4 x 12 Cabinet Question

Discussion in 'Amps & Cabs' started by DaveInSoCal, Sep 10, 2018.

  1. DaveInSoCal

    DaveInSoCal Active Member

    Jun 22, 2018
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    I just bought an old Genz Benz GB412SL on Craigslist.
    I'm not real experienced with heads / cabinets so I need a little help here.

    The cabinet has a small sticker that is marked 8 ohms and 2 unmarked Jack's.
    I ohmed them out and each one is 4 ohms. So I'm guessing this is stereo? Each jack drives 2 speakers I assume. There is no mono input as far as I can tell.
    This being the case why is it marked 8 ohms??

    Can I safely drive the amp with the two 4 ohm outputs from my head?

    I dont want to damage my head, any advice is much appreciated!!
  2. Clifdawg

    Clifdawg Well-Known Member

    Jul 3, 2015
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    It depends. What kind of head do you have? If you have 2x4 ohm outputs, I suspect it's a parallel output where the total load must equal 4 ohms. In other words, you can connect one 4-ohm cab to it or two 8-ohm cabs to it.

    I couldn't find the SL on the Genz Benz website, but under discontinued products, I found a "GB412G-Flex," which states that it has a handling on 300 watts at 8 ohms mono or 150watts per side at 4 ohms stereo. I am assuming your inputs are similar, but if you only have 2 jacks, maybe it only works to stereo... Which means you might have to do some wiring yourself or just run two of the speakers through one output.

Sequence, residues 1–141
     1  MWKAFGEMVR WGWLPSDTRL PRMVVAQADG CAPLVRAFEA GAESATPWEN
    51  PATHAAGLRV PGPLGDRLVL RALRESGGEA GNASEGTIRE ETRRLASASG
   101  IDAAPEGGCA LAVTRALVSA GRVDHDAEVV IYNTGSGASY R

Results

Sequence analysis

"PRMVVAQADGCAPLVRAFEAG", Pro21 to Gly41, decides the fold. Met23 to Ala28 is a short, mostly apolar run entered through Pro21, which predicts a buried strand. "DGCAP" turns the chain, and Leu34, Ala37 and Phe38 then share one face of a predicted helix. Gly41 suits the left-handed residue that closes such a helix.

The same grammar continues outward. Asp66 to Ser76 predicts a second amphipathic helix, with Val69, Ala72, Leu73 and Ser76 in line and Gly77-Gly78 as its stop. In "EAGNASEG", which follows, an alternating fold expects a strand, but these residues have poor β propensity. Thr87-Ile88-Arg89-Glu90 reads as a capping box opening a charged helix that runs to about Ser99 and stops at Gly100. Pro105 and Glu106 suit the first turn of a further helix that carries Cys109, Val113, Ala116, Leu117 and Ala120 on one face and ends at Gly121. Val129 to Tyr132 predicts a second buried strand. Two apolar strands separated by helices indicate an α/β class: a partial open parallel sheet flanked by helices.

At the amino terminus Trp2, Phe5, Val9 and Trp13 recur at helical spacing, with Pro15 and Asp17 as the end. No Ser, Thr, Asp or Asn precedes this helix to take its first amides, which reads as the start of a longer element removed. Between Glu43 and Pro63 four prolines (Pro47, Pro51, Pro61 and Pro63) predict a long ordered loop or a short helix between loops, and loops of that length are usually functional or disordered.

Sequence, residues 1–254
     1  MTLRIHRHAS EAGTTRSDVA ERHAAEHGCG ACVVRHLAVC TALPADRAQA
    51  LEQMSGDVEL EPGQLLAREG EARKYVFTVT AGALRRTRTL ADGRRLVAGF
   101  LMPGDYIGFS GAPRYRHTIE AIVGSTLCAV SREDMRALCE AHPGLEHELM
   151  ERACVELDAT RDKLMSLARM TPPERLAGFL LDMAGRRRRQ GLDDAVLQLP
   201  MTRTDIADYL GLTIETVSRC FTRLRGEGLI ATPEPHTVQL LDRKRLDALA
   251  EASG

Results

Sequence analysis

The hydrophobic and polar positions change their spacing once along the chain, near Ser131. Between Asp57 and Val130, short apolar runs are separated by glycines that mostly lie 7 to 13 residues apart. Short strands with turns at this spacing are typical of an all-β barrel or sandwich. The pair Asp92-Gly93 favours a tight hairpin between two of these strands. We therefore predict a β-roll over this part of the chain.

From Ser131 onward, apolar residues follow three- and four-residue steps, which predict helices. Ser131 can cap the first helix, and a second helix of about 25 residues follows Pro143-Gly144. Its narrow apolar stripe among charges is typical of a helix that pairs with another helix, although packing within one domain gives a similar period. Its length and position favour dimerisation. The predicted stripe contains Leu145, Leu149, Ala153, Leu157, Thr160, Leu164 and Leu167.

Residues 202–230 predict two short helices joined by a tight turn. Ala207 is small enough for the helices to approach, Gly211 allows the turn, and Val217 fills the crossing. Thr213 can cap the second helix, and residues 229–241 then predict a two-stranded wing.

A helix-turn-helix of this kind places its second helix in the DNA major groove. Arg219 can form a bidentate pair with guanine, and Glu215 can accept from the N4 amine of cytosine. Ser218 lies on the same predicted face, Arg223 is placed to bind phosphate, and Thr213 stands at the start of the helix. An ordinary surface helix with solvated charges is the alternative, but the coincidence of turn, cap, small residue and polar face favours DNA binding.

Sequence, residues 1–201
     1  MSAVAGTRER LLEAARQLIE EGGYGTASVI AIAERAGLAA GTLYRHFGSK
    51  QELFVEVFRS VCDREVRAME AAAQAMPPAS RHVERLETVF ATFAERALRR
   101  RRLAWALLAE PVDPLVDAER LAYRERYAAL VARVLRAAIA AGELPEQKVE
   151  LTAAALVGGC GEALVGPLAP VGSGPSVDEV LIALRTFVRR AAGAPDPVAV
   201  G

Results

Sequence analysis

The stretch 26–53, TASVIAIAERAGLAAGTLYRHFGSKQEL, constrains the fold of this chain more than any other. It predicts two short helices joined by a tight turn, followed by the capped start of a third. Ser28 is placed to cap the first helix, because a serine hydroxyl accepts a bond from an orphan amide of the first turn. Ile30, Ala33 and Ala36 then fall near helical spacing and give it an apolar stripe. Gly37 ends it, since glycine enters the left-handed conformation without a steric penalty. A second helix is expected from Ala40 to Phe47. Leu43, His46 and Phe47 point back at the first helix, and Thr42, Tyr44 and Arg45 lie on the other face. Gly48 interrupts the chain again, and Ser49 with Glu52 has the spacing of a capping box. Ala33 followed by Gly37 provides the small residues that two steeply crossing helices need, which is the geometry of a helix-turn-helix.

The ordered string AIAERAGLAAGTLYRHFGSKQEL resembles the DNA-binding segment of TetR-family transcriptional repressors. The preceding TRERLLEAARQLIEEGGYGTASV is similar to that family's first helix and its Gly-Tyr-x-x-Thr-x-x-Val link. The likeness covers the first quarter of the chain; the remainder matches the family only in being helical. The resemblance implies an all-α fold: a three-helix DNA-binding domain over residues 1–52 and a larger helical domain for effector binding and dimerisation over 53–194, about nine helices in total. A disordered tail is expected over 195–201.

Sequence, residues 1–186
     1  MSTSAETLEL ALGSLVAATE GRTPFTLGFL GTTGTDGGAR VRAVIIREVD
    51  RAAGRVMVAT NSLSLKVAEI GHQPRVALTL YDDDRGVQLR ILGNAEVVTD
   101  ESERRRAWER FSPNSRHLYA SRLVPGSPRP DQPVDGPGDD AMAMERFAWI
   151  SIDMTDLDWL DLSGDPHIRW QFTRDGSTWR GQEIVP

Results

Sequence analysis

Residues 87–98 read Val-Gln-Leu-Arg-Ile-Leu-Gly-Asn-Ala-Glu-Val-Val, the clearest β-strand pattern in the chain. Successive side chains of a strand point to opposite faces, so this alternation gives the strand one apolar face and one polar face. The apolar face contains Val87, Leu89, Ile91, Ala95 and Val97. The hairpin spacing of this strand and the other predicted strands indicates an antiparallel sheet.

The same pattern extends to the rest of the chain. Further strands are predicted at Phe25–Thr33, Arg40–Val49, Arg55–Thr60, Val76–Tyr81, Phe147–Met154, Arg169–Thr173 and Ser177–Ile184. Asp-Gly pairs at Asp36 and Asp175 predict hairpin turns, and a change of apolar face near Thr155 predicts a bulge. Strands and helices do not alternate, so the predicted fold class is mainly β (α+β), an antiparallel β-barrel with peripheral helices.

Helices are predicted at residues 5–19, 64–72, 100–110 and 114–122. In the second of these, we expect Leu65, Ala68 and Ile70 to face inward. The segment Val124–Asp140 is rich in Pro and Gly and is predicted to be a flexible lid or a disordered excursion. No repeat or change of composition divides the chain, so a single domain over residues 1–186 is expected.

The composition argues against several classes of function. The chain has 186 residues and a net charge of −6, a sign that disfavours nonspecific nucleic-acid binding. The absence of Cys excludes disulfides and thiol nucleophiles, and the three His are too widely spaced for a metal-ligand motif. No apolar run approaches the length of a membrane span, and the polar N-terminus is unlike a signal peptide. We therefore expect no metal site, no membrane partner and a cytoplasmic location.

3. Paul G.

    Paul G. Well-Known Member

    Mar 5, 2014
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    Rhode Island
    The cabinet is has four 8-ohm speakers wired in series parallel. The 8 ohm jack runs all 4 speakers in mono. The other 2 jacks drive 2 speakers each @4 ohms (parallel). So, if your amp is an actual stereo amp with discrete outputs, you use those with your 4 ohm output. Alternatively, you can use the cab with 2 heads.

    Of course this is ridiculous, most guitar heads have one output transformer so, plug into the 8 ohm using either the 8-ohm jack, or setting the switch to 8 ohms. There is no reason in the world to complicate things by running multiple wires for a single signal.

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